The santuario itself is simple adobe, the colors of the earth and of the hills, rounded corners, small wooden crosses over the unassuming entrance.  A place accessible to all.  Perhaps the size of a large, one-room schoolhouse.  A churchyard in the front encircled by a low adobe wall.  Inside it is all dark woods and candles and santos.  A handful of people sitting in the pews. A few women dressed in black. 

Off what would be the transept to the left is a doorway to a small, low-ceilinged room that must be accessed by bending over.  In the dim light you might miss the even smaller room off to the right with a depression that contains the healing dirt.  Here you speak in whispers.  Discarded crutches, pictures of sons, husbands, brothers in uniform line the rough adobe walls.  Taped.  Asking protection from a loving God.  Imploring God for grace.  For protection.  For  healing.,

The santuario crept its way into our pores the way Santa Fe had.  We knew we were looking through a window into eternity.  I don’t know how long we stayed but when we finally walked back out, squinting into the brilliant sunshine and the impossibly blue New Mexico sky, when we blundered our way back to Santa Fe down a few dead ends we knew we had been changed.  In some inexplicable way we would never be the same.

But Santa Fe wasn’t finished with us.  We found a parking spot on one of the narrow old-world streets of the old section and walked over to Water Street and up the narrow staircase to the Rooftop Cantina of the Coyote Cafe, epicenter of the place that would make New Mexican cuisine famous, and ordered a Margarita, grasping for the familiar, and let the sounds and the smells of the city wash over us.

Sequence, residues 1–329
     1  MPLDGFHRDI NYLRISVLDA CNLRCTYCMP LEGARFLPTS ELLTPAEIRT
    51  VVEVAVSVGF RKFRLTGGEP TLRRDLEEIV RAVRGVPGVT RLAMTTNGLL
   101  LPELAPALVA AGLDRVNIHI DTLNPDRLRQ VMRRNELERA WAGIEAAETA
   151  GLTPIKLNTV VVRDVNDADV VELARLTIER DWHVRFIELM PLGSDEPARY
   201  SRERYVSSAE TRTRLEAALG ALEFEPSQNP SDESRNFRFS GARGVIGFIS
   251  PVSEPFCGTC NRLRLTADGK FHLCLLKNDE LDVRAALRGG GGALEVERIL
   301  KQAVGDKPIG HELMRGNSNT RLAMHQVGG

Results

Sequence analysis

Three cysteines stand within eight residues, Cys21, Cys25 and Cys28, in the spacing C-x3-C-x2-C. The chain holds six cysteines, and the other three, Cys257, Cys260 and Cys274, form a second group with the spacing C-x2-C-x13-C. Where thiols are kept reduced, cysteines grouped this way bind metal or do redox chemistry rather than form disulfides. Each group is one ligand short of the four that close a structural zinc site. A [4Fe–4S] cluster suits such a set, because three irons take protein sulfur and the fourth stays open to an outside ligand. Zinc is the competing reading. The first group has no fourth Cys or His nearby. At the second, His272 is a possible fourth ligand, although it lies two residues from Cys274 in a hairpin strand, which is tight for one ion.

This is as good a time as any to say that calling Santa Fe as a “city” does not do it justice.  At all.  It is a city in the sense that it is the capital of New Mexico and home to way too many government offices and hotels.  It is an art center, a center of culture.  Natives are fond of saying: “They were born here their whole lives.” 

But with its narrow streets and absence of building much over three stories, with its population of about 70,000 back in the 80’s and its eclectic combination of backgrounds, Native Americans (Navajo, Tewa, Pueblo, whose people have been living there for 5,000 years), Spanish (many of whom trace their families back more than 200 years), gringos (a lot from the East Coast), Mexicans (who have lived in the area for hundreds of years), Catholics, traditional (and of diverse persuasions such as Pentacostals, Penitentes), Conversos, (descendants of Jews who came in the 15th century to escape the Inquisition), it has retained the cachet of a large small town off the beaten path in Spain or Portugal, a wildly dysfunctional, friendly, welcoming large small town.

The cantina helped bring us back to the present.  We decided we had fallen in love.  With Santa Fe.  That we would come back soon.  We were going down the rabbit hole that must have effected Georgia O’Keeffe the same way in 1917 when she said sixty years later: “From then on I was always on my way back.”  What better role model could there be?

Gotta go.

It has been several weeks since I last published one of these.  We have been busy.  I am now back on schedule.  If you would like to receive more please sign up here.